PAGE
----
My last post got me thinking about all the complexities of career counseling. One of the other best kept secrets is avocations!

Let’s refer back to the Strong’s Interest Inventory. Based on the assessment, you get a three letter code essentially indicating your career personality type. Then, the assessment pairs that three letter code to an environment with the same coding! Pretty cool stuff. But what happens when you already have a career and your codes don’t match up? For example, you took the test and it told you you’re an artist but now you find yourself in accounting!

Fret not!

This isn’t life changing and it doesn’t have to mean permanent unhappiness. Part of career counseling is tempering the ideal with reality. So unless you’re comfortable with being a starving artist, having a career as an accountant is just fine.

Because you can have an avocation!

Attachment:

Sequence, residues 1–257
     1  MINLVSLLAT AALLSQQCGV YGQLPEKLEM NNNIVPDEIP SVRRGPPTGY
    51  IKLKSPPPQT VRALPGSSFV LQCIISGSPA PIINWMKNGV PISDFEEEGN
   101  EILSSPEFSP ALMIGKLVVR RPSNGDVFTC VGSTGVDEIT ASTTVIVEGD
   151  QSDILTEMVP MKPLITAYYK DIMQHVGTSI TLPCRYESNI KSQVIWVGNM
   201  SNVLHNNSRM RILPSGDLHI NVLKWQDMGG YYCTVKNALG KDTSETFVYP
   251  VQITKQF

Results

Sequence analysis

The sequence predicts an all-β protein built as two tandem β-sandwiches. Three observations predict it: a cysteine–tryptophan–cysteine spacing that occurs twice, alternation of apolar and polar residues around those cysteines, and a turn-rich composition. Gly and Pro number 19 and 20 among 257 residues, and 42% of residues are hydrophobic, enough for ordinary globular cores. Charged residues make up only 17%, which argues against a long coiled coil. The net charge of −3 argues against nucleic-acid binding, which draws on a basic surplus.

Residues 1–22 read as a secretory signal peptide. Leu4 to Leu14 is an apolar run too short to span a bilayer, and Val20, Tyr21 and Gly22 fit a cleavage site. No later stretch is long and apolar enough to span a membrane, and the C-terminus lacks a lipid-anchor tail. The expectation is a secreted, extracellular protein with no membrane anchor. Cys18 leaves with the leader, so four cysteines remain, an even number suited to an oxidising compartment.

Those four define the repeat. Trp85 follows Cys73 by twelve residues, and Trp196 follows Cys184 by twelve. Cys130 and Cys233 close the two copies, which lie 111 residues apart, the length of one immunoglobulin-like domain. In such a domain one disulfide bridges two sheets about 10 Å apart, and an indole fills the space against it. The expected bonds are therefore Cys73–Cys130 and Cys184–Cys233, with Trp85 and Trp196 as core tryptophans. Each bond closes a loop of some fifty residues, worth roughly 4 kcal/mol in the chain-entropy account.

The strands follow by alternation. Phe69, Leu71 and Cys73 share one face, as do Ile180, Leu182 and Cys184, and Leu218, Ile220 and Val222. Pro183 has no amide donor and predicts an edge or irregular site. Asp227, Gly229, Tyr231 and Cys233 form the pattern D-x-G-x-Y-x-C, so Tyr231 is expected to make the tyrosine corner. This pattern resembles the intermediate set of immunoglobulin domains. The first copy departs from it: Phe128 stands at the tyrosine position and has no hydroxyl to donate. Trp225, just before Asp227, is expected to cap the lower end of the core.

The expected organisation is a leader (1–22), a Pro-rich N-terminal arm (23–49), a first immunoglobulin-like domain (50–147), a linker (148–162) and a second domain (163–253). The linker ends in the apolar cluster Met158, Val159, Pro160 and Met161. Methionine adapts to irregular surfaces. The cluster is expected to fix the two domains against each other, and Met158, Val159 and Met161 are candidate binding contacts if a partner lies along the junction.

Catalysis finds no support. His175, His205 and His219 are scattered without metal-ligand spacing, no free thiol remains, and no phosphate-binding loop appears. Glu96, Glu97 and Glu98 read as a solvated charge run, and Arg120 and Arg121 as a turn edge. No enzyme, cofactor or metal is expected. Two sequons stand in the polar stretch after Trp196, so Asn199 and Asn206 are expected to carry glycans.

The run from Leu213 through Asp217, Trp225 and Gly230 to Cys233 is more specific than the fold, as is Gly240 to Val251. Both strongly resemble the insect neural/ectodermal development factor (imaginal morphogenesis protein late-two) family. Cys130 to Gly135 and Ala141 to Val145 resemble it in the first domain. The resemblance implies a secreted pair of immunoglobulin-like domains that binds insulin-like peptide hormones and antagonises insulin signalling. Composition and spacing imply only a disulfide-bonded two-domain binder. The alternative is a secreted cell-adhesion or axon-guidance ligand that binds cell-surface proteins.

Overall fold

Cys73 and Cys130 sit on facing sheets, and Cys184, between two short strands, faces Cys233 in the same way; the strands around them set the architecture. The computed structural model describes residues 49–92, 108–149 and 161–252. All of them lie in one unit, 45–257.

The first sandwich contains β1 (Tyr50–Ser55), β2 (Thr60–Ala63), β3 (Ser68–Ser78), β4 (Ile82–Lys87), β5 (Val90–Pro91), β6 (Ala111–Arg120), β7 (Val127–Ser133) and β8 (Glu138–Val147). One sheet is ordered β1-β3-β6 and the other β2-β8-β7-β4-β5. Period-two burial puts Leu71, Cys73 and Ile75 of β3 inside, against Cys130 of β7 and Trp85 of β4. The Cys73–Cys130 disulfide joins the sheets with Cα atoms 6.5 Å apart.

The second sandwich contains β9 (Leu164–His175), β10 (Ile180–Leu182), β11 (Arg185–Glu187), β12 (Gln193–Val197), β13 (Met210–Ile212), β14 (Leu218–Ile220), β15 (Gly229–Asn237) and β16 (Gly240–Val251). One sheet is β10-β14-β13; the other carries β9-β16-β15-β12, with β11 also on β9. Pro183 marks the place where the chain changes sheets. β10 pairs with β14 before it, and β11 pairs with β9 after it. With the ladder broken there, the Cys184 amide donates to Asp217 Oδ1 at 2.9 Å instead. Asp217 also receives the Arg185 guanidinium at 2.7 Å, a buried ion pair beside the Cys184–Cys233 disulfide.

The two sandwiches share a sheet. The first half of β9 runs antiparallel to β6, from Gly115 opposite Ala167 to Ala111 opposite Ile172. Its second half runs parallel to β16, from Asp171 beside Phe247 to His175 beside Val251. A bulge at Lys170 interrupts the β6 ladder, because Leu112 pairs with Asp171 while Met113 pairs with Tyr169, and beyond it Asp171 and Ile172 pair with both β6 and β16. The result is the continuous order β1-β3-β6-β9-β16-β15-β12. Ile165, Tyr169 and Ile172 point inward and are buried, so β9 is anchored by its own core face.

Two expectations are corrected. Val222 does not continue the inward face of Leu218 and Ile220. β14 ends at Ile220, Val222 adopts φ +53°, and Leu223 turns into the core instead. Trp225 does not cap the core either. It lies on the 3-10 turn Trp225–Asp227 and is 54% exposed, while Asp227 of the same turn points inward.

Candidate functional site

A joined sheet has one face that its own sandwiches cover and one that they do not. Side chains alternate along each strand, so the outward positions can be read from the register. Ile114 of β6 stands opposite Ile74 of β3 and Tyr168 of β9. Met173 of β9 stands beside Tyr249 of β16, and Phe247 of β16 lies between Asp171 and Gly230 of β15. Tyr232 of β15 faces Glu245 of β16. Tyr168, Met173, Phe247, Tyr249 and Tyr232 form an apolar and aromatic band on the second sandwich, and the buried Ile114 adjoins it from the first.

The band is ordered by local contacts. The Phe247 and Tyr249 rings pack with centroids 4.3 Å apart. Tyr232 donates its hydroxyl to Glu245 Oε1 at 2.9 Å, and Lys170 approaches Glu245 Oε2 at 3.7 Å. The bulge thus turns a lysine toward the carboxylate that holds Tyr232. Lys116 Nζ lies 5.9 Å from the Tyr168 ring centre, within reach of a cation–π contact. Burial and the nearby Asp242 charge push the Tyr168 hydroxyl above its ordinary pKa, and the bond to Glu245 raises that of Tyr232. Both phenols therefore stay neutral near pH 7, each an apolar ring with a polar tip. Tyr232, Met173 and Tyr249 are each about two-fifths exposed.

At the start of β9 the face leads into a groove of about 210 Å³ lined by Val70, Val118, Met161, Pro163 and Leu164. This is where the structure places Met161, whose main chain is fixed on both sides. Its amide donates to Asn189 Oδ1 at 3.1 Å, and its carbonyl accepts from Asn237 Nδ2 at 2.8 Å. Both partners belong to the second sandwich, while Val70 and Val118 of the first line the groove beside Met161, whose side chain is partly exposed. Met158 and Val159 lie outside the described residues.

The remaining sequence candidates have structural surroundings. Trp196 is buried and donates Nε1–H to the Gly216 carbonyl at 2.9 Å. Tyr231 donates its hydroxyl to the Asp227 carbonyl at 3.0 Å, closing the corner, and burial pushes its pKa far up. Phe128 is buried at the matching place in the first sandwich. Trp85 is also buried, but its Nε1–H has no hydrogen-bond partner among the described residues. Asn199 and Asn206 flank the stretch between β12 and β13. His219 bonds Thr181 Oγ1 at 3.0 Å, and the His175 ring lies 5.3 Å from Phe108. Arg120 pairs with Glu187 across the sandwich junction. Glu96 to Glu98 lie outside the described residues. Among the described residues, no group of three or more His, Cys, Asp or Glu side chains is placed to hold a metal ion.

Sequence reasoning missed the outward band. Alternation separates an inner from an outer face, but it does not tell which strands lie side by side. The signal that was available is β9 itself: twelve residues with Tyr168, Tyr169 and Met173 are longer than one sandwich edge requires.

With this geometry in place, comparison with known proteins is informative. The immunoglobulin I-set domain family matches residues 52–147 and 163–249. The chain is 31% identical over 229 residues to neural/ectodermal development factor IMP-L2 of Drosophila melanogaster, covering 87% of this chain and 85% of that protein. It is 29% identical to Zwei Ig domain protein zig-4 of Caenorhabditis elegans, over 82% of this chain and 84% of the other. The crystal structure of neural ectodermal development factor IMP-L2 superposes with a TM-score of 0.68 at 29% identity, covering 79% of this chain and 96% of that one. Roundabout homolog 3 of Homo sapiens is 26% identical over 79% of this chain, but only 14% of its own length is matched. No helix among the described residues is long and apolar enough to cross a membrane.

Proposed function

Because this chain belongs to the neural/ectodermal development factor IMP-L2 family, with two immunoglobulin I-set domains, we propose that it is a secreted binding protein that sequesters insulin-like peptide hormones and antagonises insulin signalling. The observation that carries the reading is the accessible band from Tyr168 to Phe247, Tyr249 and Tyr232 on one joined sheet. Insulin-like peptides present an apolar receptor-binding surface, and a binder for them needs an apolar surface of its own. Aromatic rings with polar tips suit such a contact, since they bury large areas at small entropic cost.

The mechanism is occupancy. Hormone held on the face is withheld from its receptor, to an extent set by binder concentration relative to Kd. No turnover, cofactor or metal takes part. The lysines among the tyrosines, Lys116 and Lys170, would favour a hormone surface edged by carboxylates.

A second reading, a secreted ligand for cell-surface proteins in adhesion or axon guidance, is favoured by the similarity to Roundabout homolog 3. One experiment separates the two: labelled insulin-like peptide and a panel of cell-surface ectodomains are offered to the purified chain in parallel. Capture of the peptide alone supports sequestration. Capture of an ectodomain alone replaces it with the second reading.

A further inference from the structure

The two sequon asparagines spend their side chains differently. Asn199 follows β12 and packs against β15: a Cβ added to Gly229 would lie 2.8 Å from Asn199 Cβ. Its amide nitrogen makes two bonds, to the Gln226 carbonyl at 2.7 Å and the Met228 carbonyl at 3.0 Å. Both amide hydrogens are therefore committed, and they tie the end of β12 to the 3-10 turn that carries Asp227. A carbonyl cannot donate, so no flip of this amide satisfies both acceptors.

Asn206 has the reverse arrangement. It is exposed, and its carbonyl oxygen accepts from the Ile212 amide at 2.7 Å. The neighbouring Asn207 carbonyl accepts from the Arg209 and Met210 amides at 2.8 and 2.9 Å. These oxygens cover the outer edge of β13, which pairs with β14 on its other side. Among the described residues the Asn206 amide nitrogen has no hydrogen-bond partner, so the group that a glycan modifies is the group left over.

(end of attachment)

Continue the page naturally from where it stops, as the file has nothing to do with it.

An avocation is a secondary job that you can have which isn’t your primary income. Essentially, it’s a hobby. Yes, I’m talking about the importance of hobbies. Why? Because they actually can help boost your career satisfaction.

Sometimes, we have to take jobs that we don’t particularly like. It doesn’t mean we’ve failed in any way. It just means that we understand the necessities of life. We can’t all be pro athletes, pro singers, or pro artists. Honestly, if that’s all we pursued as a human race, I don’t honestly think life could legitimately exist as we know it.

Back to our example. Let’s say you scored high in the Realistic, Social, and Entrepreneurial domains (meaning you’d likely make a good marketer or sales person, or some other kind of social, potentially science oriented job) but are a computer programmer who mostly works alone from home. Your Holland Code is RSE but your work environment is more like RCI. There is no reason you can’t start a small consultation side business (RSE) or join an athletic club (which would fulfill the SE part of your Holland code).
While we may need to grieve the dream career we were told to pursue as children, there is no reason our career lives can’t be fully satisfying. Consider what jobs you might pursue if you could dream big and then think about how you can either distill a new hobby from that, go back to an old hobby, or maybe even begin a small side hustle. Let’s think outside the box when it comes to our own happiness!